London, Sept 15 : One in eight Britons does not eat any fruit and vegetables at all, according to a new research.
The study, titled 'Health of Britain - Perspective on Nutrition 2008, shows that only 12 per cent is meeting the recommended five portions of fruit and vegetables per day target.
It found that a further 12 per cent do not eat any fruit and vegetables at all.
On average, Brits eat two-and-a-half portions a day, but the study found significant differences between age groups, gender and social class.
The research shows that the most likely groups to meet the target are the wealthy and the over 45s, with children and the poor more likely to consume none at all.
"While the need for 'five-a-day' seems to be common knowledge, the number of us who actually achieve this is shockingly low," the Telegraph quoted Giles Quick, of global market insight group TNS, who conducted the research, as saying.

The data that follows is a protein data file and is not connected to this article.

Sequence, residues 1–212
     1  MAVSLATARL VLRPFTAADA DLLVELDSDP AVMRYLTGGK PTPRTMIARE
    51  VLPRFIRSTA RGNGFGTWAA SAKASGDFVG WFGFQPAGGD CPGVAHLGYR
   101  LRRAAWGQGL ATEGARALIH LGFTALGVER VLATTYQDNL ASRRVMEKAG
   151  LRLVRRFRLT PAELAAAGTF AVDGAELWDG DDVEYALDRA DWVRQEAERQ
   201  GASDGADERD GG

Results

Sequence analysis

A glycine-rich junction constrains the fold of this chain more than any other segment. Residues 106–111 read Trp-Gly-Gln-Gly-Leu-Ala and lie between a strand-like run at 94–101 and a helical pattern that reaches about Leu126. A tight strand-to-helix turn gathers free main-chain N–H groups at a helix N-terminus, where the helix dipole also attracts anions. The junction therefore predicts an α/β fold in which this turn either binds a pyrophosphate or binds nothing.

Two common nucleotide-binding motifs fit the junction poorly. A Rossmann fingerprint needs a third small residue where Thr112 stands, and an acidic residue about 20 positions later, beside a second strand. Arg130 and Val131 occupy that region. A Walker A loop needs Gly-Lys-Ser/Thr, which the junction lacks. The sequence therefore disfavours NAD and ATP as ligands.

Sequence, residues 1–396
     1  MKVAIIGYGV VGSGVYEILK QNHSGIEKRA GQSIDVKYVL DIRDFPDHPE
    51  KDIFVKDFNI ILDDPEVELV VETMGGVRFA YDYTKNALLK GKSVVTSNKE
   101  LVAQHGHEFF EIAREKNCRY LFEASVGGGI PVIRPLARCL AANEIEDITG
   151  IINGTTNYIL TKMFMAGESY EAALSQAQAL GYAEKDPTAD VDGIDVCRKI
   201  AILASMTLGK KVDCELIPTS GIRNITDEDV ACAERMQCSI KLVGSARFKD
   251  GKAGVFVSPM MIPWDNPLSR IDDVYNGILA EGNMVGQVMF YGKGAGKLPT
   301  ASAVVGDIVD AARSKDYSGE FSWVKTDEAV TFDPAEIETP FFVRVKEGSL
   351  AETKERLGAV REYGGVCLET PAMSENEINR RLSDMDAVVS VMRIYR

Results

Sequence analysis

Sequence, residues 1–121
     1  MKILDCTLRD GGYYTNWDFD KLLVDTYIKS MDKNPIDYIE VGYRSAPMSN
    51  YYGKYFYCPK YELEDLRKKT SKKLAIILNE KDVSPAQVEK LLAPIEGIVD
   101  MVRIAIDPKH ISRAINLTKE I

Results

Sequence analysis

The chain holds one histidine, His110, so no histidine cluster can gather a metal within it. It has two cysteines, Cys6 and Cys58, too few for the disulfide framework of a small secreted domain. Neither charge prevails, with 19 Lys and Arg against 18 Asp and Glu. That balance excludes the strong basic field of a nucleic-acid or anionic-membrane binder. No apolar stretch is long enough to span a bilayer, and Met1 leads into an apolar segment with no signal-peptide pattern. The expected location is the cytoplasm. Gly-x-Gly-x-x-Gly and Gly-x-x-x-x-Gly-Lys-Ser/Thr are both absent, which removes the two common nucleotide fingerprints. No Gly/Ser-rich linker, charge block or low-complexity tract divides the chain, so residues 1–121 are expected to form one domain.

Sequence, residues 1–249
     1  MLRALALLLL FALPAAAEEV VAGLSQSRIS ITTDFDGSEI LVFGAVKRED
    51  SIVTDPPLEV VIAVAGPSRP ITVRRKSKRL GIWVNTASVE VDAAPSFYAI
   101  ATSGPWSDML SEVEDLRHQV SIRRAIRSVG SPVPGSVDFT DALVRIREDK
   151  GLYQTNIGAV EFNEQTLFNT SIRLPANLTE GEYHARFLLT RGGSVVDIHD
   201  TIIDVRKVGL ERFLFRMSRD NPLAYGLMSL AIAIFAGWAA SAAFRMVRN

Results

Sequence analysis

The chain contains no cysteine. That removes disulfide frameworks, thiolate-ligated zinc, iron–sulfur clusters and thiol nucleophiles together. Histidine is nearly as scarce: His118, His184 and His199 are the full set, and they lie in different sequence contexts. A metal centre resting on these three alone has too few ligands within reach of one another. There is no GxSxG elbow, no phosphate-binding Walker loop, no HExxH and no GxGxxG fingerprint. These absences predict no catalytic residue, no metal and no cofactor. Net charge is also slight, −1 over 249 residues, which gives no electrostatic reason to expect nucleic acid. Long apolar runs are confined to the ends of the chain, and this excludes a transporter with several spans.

However, the study suggests that there are positive moves being taken by people to eat more healthily.
Quick said that TNS values the healthy food market at more than 11 billion pounds a year, growing at almost 8 per cent in value each year.
The study found that a total of 8 billion pounds is spent on fresh produce.
According to the research, the number of young people who said they cooked from scratch has grown by 14 per cent over the past two years, but is restricted to savoury foods. The number of set meals families share has also risen.
The typical child's lunchbox now includes 16 per cent more fruit, 32 per cent more yoghurt and 25 per cent more vegetables than a year ago.
"The revival of savoury home cooking, increased parental control over children's lunches, the return to the table for the family dinner and the ever-increasing importance of healthy food choices are clear signs that Britain is - slowly but steadily - changing its attitude to food," Quick added.